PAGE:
Masud, Tareque (1956-2011) a noted filmmaker of Bangladesh, was born on 6 December 1956 in Nurpur Village under Bhanga upazila of Faridpur district. He received his early education from madrasah. After the independence, he switched over to general education and obtained BA (Hons) and MA in the Department of History from the university of dhaka. His involvement in politics and studies of art, culture and philosophy stepped up his intellectual level during his university life. Tareque Masud was an active member of Film Society Movement. He appeared as an off track filmmaker and established himself as a leading director of that trend by the mid-eighties. He spent about seven years with one of the outstanding painters, SM sultan to picturise a documentary film on his life Adamsurat (1989) and the long period of Sultan's company enriched Tareque's cultural outlook and political philosophy.
Tareque Masud had earned a massive fame with the release of his documentary film on the war of liberation Muktir Gaan (1975), based on newsreels of 1971. He discovered the footages on the Bangladesh freedom struggle, shot in 1971 by American film director Liang Levin during his short stay in the United States. He, alongwith his American wife Katharine Masud, collected more film footages on the war of liberation of Bangladesh from all over the world and jointly produced and directed the historic documentary film Muktir Gaan.
The maiden venture was so popular that it changed both of their lives radically. The documentary is regarded as one of the most authentic documentary evidences of the liberation war after the top one, Stop Genocide by veteran filmmaker zahir raihan. Muktir Gaan (Songs of Freedom) had earned special commendation from the Film South Asia in 1997. It was so popular that beside regular shows in cinemas, its open-air projection was very frequent. People enjoyed and liked the movie very much and this unprecedented popularity inspired Tareque Masud to make another documentary in video format on the reaction of audience entitled Muktir Katha (The Tales of Freedom) in 1999. A new version of sentiment regarding the war of liberation, which was totally different from the traditional but strong middle class values and views, was expressed in this film.
Muktir Gaan established Tareque Masud as a popular filmmaker in the country. But his first full-length feature film Matir Mayna (The Clay Bird) released in 2002 brought global reputation for him. The film bagged the best critic award in the Cannes Film Festival in 2002 and was turned into the most globally discussed film ever produced in Bangladesh. It was the first Bangladeshi film nominated for Oscar award. The film, a sort of autobiograhy of the director himself was made in the context of the liberation war of Bangladesh. Various incidents of the war of liberation, the role of Islamist fundamentalists who collaborated the Pakistan army in staging atrocities and genocide in Bangladesh were depicted in the movie beside the traditional cultural elements and philosophy of Bengal from the point of view of its central character, a boy studying in a madrasah. The Clay Bird was released commercially in the cinema chains of Europe and America and its DVD was also published for global consumption.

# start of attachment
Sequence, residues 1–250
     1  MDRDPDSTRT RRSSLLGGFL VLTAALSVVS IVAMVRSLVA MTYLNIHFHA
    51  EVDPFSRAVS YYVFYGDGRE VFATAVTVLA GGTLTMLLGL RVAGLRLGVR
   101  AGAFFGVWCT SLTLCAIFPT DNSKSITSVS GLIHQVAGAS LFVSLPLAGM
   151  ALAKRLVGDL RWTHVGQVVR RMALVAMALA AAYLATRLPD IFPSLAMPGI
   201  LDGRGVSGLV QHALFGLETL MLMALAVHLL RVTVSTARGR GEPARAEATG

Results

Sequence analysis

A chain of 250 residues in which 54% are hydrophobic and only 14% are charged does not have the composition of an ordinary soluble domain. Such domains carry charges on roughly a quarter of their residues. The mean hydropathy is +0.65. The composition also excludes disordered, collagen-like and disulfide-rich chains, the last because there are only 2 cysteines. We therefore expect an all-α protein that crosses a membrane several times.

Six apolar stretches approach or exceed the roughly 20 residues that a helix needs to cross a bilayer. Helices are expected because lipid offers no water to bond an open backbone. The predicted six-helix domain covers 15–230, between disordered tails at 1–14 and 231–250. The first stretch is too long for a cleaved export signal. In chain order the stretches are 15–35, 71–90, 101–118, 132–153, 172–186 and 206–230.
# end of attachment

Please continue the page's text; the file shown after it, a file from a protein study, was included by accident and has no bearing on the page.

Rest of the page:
Some other remarkable films of Tareque Masud are Antarjatra (2006), Narasundar (2009) and Runway (2010). The story of Antarjatra, a feature film was based on the emotional quest of non-resident Bangladeshis living in the UK for redefining their self-identity. Finally the characters of the film returned back home. Narasundar (Barbar), a short film, narrated the story of a freedom fighter, who was chased by the Pakistani army and their collaborators (mainly non-Bengalis and Muslim fundamentalists) in a market place during the war. But a non-Bengali barbar, working in a shop there gave him shelter and saved his life. Runway depicted many contemporary issues of Bangladesh specially the emergence of terrorism in 2004-2005.
National self-identity, traditional and folk culture and rituals are the contents of Tareque Masud's films. The war of liberation was the theme of some of his films. He was making another film on the partition of India entitled Kagajer Ful (The Paper Flower) before his death. Tareque Masud and the cinematographer of his new film ashfaque munier were killed in a tragic road accident on 13 August 2011 in Ghior on their way back to Dhaka from a shooting spot of Manikganj.
The Filmology of Tareque Masud includes some significant movies. These are the first video film of Bangladesh Sonar Beri (the Golden Chain, 1985), the first animation picture Unison (1994) and the first digital movie Antarjatra (2006). His wife, Catherine Masud worked as Co-director and editor in some of the films directed by Tareque Masud. Tareque was the maker of 16 films- short, feature, documentary and animation. [Fahmidul Haq]